UK inflation hits 30-year high at 5.4%, Brent crude oil price rises again
The highest inflation rate in three decades today raised the chances of a February interest rate hike.
The consumer prices index rose by a bigger-than-expected 5.4% year-on-year, while the retail prices index measure still used in setting some bills reached 7.5%.
The Bank of England hiked rates in December and will be under pressure to do so again when policymakers meet next month.
Read more on the inflation figures
Bank under pressure as inflation surges
08:30 , Graeme Evans
The Bank of England’s monetary policy committee next meets to discuss interest rates on 3 February, when it will have updated economic projections to hand.
It hasn’t been this far off its inflation target of 2% since it first set it.
The City expects the consumer prices index to spike at 7% in April, higher than the peak of 6% forecast by the Bank when it increased interest rates to 0.25% in December.
Hargreaves Lansdown’s personal finance analyst Sarah Coles notes that falling unemployment and record low redundancies make the argument for raising rates far stronger.
She added: “It won’t want to panic borrowers, businesses or investors by raising rates too far or too fast, but it can’t afford for inflation to get out of control either.”
Boris “should have gone to the pub” — ‘Spoons boss Tim Martin
08:22 , Simon English
JD WETHERSPOON weighed in to the Number 10 “partygate” scandal today, saying it would not have been a problem if the government had the sense to have kept the pubs open.
Outspoken founder and chairman Tim Martin, a Tory donor and sometime Boris Johnson backer, noted in an update to the City today that:
1) Central London pubs employ experienced staff, including highly trained managers, who would have easily dealt with the “high jinks” alleged to have occurred at No. 10.
2) CCTV is in operation in Central London pubs, so subsequent enquiries as to events are facilitated by the ready availability of evidence.
3) In 2020, before vaccinations were available, Covid controls in pubs were superior to private parties, with screens, sanitisers, optimal seating layouts and so on.
read more here
Fuel costs add to pressure on airlines
07:59 , Graeme Evans
Rising oil prices pose a fresh headache for airlines just as travel restrictions begin to ease.
Liberum’s transport analyst Gerald Khoo notes that fuel prices have more than doubled in the past year, creating short-term pressure on earnings estimates at a time of limited pricing power.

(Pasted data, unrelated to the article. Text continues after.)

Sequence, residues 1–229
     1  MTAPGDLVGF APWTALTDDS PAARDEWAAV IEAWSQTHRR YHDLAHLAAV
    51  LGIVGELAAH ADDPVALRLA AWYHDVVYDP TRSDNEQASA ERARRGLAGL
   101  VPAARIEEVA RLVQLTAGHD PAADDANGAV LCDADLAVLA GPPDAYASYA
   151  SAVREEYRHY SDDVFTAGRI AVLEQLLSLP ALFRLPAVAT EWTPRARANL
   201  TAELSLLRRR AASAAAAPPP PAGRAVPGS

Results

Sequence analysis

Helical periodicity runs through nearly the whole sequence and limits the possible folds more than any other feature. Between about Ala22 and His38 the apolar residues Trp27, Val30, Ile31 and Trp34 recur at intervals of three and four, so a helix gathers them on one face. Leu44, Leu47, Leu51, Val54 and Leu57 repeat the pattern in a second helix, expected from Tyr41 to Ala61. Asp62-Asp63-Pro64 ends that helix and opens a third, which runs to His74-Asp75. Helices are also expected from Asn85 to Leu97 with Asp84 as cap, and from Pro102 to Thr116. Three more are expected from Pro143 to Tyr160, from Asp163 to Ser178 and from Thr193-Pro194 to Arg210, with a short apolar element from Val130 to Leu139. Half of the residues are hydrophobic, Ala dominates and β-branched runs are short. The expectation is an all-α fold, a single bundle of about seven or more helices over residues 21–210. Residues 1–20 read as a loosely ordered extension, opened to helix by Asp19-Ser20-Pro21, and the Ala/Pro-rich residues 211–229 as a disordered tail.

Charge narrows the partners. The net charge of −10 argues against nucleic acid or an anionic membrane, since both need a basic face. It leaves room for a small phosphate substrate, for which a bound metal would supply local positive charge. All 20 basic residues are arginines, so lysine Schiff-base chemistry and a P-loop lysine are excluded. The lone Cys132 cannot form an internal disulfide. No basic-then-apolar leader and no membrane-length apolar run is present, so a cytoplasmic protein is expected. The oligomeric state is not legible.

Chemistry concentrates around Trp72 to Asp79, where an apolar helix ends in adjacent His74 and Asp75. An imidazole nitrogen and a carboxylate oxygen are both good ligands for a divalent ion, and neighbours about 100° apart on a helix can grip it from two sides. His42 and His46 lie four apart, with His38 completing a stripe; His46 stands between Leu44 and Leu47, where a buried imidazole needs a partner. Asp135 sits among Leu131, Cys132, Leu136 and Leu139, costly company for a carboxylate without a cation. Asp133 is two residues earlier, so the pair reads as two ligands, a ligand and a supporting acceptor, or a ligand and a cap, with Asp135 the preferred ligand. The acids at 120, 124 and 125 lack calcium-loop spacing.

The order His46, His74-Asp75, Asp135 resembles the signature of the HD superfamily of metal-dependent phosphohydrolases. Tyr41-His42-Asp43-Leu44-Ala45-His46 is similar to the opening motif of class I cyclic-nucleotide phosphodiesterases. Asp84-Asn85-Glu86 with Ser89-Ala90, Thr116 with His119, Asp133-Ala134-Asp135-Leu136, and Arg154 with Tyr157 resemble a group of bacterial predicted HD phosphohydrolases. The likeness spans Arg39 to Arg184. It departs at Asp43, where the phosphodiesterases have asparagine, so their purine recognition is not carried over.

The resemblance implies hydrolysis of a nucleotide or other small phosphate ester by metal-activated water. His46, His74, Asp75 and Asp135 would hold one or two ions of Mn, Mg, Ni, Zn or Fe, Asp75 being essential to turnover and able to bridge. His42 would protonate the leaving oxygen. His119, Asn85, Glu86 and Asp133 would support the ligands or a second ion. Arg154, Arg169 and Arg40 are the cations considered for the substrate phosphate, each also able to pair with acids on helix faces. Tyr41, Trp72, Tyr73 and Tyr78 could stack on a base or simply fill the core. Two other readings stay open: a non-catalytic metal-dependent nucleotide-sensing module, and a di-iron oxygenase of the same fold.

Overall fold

His recommended stocks include easyJet and British Airways owner IAG, based on new price targets of 800p and 200p respectively. Europe-listed Ryanair is also backed, but Khoo has “sell“ recommendations on Air France-KLM and Lufthansa.
He said: “The strong get stronger in crises and are better able to handle higher fuel costs.”
Khoo added: “Injections of private and government capital have kept much of the industry alive. While good for the wider economy and society, the support of excess and economically unviable capacity means the industry faces a protracted recovery.
“However, assuming international travel restrictions continue to ease, with Omicron appearing to be a brief but painful blip, we believe the industry is now on the path to recovery.”
Oil rises after pipeline outage
07:28 , Graeme Evans
Oil supply concerns following an outage on a pipeline between Iraq andTurkey sent Brent crude futures up for a fourth successive session to more than $88 a barrel today.
The price of Brent was already at its highest level in seven years following an attack earlier in the week by Yemen’s Houthi group in the United Arab Emirates.
As the global economic recovery picks up speed and some OPEC+ members struggle to meet their supply targets, there are fears that the price could soon be in three figures.
The cost pressures do little to quell fears over higher interest rates after a downbeat sessions for markets in Europe and the US yesterday.
Wall Street futures point to another decline later today, while CMC Markets expects the FTSE 100 index to open 40 points lower at 7523.
CMC’s Michael Hewson said: “There is little doubt that bond markets have driven this move, with tech stocks and other highly valued areas of the market getting sold off heavily.
“The US 2-year yield which is probably most correlated with where market rates are heading moved back above 1% and has risen more than 30 basis points this year alone.”